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Geographical variation in heading characters among wheat landraces, Triticum aestivum L., and its implication for their adaptability

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Heading time and its constituent traits, photoperiodic response, narrow-sense earliness and vernalization requirement, were surveyed for 158 wheat landraces. Wide varietal variation was observed in each character. Nearly half of the variation for each character was explained by a geographical difference in origin. Based on these data and the growing environments in each locality, we analyzed “adaptation strategy”, seen as the adjustment of heading time in terms of differences in the constituent traits, both individually and combined. The difference among localities indicated that wheat landraces had been selected for early heading as an adaptation strategy to water stress and/or high temperature in early summer. This change was caused by a reduction in photoperiodic response and narrow-sense earliness. The vernalization requirement was also reduced for adaptation to relatively mild winters. Adaptation strategy deduced from the variation within each locality was also different amongst localities. In the central region of wheat evolution, where wide variations existed in both photoperiodic response and narrow-sense earliness, the late-heading trait was achieved by either one of these traits individually or both of them combined. On the contrary, in the eastern and the western regions, wide variation in heading time was achieved by the unique combination of photoperiodic response and narrowsense earliness. A sampling strategy for wheat germ plasm is also discussed.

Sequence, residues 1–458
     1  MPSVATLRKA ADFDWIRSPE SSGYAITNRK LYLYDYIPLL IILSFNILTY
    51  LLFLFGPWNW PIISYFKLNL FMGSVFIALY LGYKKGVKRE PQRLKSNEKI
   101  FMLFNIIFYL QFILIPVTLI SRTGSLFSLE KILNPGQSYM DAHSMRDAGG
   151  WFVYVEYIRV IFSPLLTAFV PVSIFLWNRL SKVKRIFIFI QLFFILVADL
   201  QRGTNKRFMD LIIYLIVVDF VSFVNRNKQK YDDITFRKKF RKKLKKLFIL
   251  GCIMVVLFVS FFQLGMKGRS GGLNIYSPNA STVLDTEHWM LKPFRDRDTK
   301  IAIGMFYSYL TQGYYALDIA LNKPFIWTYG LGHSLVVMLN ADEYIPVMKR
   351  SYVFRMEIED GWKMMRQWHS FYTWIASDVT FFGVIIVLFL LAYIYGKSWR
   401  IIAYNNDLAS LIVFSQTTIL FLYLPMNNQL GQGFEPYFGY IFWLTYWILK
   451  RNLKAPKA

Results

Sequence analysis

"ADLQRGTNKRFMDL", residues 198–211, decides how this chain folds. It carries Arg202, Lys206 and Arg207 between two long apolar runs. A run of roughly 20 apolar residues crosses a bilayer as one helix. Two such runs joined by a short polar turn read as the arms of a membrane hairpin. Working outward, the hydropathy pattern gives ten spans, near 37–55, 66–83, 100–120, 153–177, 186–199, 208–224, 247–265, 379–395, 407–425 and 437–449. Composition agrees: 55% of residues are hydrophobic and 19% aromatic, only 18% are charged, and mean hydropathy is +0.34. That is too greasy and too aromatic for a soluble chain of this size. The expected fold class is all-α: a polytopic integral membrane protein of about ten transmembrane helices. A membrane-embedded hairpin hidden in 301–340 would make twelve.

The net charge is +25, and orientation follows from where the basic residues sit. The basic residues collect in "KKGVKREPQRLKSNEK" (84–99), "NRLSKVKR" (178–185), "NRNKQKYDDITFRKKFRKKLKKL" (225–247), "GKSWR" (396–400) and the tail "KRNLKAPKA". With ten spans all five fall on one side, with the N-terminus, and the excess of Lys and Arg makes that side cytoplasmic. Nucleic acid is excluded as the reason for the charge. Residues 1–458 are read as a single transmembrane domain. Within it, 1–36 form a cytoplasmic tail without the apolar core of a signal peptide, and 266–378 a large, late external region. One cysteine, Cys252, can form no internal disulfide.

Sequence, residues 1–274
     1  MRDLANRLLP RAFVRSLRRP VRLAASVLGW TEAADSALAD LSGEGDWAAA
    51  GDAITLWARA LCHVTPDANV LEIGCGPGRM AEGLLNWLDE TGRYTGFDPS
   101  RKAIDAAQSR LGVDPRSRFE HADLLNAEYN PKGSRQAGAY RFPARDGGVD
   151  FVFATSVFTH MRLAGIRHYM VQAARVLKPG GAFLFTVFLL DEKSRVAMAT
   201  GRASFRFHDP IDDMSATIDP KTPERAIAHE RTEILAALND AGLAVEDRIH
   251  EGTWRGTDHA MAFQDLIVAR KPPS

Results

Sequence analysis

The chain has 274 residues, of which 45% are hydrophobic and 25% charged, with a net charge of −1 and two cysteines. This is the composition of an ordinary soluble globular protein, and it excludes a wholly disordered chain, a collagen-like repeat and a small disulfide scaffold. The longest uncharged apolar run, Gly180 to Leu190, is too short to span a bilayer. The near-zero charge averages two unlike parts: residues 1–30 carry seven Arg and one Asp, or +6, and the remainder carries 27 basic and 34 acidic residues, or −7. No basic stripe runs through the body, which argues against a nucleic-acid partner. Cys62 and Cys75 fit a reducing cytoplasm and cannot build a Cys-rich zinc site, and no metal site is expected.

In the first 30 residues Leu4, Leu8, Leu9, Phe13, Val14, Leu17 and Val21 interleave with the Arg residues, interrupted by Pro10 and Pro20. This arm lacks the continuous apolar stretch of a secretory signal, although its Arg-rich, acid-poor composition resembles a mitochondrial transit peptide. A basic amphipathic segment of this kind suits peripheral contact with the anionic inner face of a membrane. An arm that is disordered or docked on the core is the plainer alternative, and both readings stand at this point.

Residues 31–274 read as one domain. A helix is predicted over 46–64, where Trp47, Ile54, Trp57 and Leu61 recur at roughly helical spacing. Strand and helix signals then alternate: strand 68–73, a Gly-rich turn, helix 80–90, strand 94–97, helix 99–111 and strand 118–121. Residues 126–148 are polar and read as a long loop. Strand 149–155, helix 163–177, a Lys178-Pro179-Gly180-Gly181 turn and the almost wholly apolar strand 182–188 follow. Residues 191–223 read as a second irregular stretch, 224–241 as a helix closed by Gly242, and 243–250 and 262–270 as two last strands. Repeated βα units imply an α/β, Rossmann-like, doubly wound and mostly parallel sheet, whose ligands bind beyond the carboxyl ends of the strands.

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Communicated by J. W. Snape

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Kato, K., Yokoyama, H. Geographical variation in heading characters among wheat landraces, Triticum aestivum L., and its implication for their adaptability. Theoret. Appl. Genetics 84, 259–265 (1992).

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